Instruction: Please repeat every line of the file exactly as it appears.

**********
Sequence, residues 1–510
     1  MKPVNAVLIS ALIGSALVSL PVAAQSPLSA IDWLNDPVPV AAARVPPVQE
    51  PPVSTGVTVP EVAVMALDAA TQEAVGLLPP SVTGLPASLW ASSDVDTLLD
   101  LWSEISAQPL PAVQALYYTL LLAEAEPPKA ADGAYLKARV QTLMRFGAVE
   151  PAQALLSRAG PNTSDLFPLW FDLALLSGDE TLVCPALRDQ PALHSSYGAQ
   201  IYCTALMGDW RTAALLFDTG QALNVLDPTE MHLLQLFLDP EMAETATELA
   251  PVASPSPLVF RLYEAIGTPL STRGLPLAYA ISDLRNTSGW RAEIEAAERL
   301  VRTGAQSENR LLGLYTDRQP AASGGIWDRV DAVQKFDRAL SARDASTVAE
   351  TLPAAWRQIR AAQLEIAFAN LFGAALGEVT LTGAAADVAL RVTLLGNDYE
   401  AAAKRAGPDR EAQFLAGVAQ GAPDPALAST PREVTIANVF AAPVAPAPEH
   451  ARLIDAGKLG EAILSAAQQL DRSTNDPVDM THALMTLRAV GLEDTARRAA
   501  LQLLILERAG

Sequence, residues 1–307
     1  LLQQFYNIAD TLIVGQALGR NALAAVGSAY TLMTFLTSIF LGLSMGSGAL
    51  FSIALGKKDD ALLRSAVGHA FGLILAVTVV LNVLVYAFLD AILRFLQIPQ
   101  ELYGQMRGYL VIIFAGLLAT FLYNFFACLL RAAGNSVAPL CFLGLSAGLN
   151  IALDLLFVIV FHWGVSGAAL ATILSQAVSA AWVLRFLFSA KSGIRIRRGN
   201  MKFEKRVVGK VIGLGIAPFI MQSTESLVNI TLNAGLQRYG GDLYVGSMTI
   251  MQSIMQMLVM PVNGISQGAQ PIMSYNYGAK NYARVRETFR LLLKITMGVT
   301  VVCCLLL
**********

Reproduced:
Sequence, residues 1–510
     1  MKPVNAVLIS ALIGSALVSL PVAAQSPLSA IDWLNDPVPV AAARVPPVQE
    51  PPVSTGVTVP EVAVMALDAA TQEAVGLLPP SVTGLPASLW ASSDVDTLLD
   101  LWSEISAQPL PAVQALYYTL LLAEAEPPKA ADGAYLKARV QTLMRFGAVE
   151  PAQALLSRAG PNTSDLFPLW FDLALLSGDE TLVCPALRDQ PALHSSYGAQ
   201  IYCTALMGDW RTAALLFDTG QALNVLDPTE MHLLQLFLDP EMAETATELA
   251  PVASPSPLVF RLYEAIGTPL STRGLPLAYA ISDLRNTSGW RAEIEAAERL
   301  VRTGAQSENR LLGLYTDRQP AASGGIWDRV DAVQKFDRAL SARDASTVAE
   351  TLPAAWRQIR AAQLEIAFAN LFGAALGEVT LTGAAADVAL RVTLLGNDYE
   401  AAAKRAGPDR EAQFLAGVAQ GAPDPALAST PREVTIANVF AAPVAPAPEH
   451  ARLIDAGKLG EAILSAAQQL DRSTNDPVDM THALMTLRAV GLEDTARRAA
   501  LQLLILERAG

Sequence, residues 1–307
     1  LLQQFYNIAD TLIVGQALGR NALAAVGSAY TLMTFLTSIF LGLSMGSGAL
    51  FSIALGKKDD ALLRSAVGHA FGLILAVTVV LNVLVYAFLD AILRFLQIPQ
   101  ELYGQMRGYL VIIFAGLLAT FLYNFFACLL RAAGNSVAPL CFLGLSAGLN
   151  IALDLLFVIV FHWGVSGAAL ATILSQAVSA AWVLRFLFSA KSGIRIRRGN
   201  MKFEKRVVGK VIGLGIAPFI MQSTESLVNI TLNAGLQRYG GDLYVGSMTI
   251  MQSIMQMLVM PVNGISQGAQ PIMSYNYGAK NYARVRETFR LLLKITMGVT
   301  VVCCLLL